I arrived on day 3 of the Kanchipuram trip, to find out that all had not been well between the ladies and Mr. M & his FIL. They had refused to let the women enter any shop where they did not have contacts and would not gain commission, and most places where they did have contacts were apparently no good! By the end of day 1, the women had been very irritated and had threatened my dad that no shopping would happen if he did not get rid of Mr. M and the FIL. On Day 2, Pachi had gotten in touch with the weaver from whom all of her wedding sarees had come, and it was decided that they would pay him a visit. This family of weavers are located in Walajapet and do not have a shop per se, it’s only a house where they stock all their latest weaves. Finally the women had found what they wanted and they bought some 10 sarees for the older and slightly distant relatives.
So when I arrived on day 3, we were left with at least 20 more sarees to be chosen and bought. Ladki, Ladki ki maa and ladki ke close relatives included! It was also decided that the we would buy most of this from Prakash Silks, as they were the most popular saree shop in town, and also because mom had shopped there before and liked their salesmanship. (http://www.prakashsilks.com/)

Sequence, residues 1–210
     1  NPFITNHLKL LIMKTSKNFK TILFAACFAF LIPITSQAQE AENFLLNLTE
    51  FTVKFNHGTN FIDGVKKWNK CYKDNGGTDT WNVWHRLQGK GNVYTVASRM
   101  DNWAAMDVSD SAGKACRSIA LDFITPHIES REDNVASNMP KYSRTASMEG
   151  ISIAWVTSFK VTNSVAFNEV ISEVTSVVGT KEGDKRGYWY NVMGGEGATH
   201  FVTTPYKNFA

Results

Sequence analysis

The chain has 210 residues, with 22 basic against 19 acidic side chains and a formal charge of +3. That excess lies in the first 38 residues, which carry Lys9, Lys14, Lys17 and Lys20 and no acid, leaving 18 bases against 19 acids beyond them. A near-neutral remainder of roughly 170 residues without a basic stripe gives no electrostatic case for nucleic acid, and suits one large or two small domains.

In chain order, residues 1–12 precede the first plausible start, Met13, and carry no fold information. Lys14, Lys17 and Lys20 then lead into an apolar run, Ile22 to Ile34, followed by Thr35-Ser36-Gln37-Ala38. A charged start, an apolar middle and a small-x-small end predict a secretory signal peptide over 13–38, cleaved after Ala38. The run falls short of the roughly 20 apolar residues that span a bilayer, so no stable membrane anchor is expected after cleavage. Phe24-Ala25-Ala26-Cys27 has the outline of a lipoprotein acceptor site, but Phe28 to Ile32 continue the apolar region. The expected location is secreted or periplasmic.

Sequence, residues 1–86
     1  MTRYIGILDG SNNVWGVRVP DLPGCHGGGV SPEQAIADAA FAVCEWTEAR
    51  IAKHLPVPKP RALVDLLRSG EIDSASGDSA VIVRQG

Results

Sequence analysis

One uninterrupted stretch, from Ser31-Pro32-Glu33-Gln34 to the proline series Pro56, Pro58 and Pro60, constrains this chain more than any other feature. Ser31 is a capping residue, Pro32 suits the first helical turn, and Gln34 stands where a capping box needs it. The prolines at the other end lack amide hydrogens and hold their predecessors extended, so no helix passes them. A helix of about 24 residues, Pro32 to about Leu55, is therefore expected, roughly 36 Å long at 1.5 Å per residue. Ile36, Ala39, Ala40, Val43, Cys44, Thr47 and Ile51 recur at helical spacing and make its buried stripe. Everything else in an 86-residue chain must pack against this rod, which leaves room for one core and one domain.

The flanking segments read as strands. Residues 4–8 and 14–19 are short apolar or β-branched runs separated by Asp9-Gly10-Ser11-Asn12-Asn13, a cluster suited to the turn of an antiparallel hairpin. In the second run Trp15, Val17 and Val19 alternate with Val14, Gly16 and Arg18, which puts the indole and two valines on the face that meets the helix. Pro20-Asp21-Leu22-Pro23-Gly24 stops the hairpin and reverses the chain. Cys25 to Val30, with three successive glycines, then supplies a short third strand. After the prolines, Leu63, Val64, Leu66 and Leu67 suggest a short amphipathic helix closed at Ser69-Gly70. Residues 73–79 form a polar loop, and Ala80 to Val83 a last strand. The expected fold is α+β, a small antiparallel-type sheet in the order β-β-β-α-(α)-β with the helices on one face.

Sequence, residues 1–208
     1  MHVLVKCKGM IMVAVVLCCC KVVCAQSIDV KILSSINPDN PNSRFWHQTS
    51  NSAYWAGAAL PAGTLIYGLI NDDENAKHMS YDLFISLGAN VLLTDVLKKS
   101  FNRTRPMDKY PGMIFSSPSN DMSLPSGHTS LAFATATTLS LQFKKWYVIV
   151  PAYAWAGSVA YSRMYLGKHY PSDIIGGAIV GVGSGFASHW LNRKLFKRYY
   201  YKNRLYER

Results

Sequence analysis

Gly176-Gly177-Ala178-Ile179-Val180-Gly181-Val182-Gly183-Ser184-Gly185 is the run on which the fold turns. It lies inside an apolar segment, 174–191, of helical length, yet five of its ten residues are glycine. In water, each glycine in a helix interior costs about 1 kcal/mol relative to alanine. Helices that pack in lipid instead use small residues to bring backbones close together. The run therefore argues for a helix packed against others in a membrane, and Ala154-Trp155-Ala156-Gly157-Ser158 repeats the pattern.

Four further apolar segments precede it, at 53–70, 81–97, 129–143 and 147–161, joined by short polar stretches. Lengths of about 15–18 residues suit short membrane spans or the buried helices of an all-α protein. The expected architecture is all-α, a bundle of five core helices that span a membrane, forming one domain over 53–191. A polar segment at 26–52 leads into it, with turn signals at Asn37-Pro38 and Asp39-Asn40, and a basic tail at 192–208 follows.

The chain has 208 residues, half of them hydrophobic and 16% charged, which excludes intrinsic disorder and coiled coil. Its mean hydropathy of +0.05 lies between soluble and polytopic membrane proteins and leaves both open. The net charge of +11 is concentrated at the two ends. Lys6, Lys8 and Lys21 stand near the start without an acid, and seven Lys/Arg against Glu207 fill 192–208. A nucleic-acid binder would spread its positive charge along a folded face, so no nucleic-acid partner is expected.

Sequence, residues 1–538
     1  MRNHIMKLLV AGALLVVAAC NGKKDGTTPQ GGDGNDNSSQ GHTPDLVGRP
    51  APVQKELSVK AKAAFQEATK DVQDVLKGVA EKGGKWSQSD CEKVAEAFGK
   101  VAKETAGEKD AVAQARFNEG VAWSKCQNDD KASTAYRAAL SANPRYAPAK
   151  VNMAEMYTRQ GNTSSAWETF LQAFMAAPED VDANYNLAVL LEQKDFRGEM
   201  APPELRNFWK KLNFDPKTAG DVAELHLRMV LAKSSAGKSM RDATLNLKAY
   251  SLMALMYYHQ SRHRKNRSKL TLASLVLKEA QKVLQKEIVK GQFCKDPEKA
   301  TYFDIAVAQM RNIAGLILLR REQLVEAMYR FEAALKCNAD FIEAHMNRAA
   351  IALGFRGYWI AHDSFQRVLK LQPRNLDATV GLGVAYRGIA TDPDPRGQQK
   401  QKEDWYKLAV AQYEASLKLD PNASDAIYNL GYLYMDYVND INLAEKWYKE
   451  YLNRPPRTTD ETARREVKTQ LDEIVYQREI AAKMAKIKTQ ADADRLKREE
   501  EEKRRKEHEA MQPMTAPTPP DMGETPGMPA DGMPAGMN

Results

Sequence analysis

We began the day with a visit to the Kanchi Kamakshi temple, seeking divine blessing for a smooth and fruitful day of shopping, and then started with the mission at hand.
Prakash Silks was already ebbing with people when we got there. But the good man at the door found us a suitable place and two young and energetic salesmen. In most such shopping experiences, the salesman is very important, and it is essential that he understand your choices and preferences and is willing to show you at least 20-30 sarees before you get a grasp of the colors or patterns and start choosing. It is also equally important that the buyer remain calm and patient in the first few minutes, sometimes hours, of the shopping, and allow the salesman to understand what you want.
We therefore decided to warm up by looking for sarees for ancillary events and then go for the “main saree”. As the salesman got bunch after bunch of sarees, my “no pink saree” vision for the wedding seemed to be fading away!
I was enlightened that I was the only bride on the floor that day who had vehemently refused pink!! We finally found 1 saree that was not the worst shade of pink, one that I could live with, and also another pink and peach one. We also found another beautiful saree, with a broad golden border of elephants, peacocks and deers. The motifs were sligtly less traditional, but very delicately done, and looked exquisite. This was my favourite saree yet! Me and mom called it the Hathi-Ghoda Saree! Now we asked him for the main wedding saree.